One of my patients told me his story. It was the time when people had no idea about ADHD. He was noted as a “naughty” child when he was young. He never sat still or concentrated in class. As a result, he was not a favoured student of the teachers. He was also disliked by his classmates for he was disturbing all the time. His school results were not good either.  The headmaster of his school suggested him to transfer to another school for better “adjustment”.

His parents wanted to give him a second chance and sent him abroad to a high school in the United States. Despite all the efforts he made, his academic results did not improve much. Whenever there was noise during lessons, he was distracted. He frequently committed careless mistakes and had difficulties wrapping up his projects. It was also socially embarrassing that he kept fidgeting or squirming and talked like a chatterbox during gatherings.  Finally, many of his classmates got admitted to their ideal universities, but he returned to Hong Kong in disappointment.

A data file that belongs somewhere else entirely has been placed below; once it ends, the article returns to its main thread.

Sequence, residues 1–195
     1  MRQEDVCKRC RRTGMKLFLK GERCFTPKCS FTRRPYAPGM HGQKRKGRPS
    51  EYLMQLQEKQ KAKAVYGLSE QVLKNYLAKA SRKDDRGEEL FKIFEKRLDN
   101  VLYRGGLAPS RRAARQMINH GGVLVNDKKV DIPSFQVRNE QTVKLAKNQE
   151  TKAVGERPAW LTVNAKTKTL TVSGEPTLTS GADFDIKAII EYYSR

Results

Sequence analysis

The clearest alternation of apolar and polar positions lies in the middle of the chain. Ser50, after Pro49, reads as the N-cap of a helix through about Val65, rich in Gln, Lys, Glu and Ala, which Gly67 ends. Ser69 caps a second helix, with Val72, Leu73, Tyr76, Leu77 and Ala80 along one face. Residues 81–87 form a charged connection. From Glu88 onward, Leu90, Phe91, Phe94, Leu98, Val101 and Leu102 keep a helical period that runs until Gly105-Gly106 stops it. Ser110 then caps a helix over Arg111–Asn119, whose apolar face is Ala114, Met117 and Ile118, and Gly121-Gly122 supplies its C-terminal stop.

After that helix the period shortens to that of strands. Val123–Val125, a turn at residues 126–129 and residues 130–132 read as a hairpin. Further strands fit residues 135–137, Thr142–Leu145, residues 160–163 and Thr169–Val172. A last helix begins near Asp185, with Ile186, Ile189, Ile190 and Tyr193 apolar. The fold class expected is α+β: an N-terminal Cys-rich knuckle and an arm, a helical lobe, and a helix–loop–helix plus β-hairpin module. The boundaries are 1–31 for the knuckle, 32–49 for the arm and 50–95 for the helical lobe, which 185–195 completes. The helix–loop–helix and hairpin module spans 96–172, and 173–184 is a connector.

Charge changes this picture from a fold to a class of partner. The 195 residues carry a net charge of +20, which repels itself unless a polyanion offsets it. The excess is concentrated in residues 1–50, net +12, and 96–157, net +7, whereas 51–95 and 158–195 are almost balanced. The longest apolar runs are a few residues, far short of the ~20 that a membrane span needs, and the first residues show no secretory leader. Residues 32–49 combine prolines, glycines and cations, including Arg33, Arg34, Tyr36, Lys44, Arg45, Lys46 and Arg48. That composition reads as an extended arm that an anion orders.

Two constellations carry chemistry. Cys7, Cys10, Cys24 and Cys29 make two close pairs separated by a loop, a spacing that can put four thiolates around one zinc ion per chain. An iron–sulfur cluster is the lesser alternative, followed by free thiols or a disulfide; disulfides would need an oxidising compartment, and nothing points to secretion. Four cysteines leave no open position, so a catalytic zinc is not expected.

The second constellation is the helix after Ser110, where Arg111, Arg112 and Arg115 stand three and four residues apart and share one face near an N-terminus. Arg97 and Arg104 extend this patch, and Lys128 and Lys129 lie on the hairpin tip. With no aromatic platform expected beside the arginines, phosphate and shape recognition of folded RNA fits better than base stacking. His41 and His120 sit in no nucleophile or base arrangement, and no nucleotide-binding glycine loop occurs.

In the end, he completed some distance learning courses and started working. He hoped things would work out finally. However, he still struggled quite a lot. He could not follow the instructions given by his supervisors and his mind drifted away during their conversations. His desk was chaotic and his schedule was so packed that he found it difficult to finish all the tasks on time. His colleagues commented that he was absent-minded and disorganised.  He needed almost double the time of others to finish a task. Therefore, his boss didn’t give a good evaluation on his performance.

He was not popular among his colleagues either, as he had delayed their projects many times. He had the bad habit of deferring until he had the time to think in detail, which was quite annoying to his work partners as he kept everyone waiting all the time. Discussions were also hard as he always interrupted others and did not seem to follow the line of thought of others. As a result, people found it difficult to collaborate with him.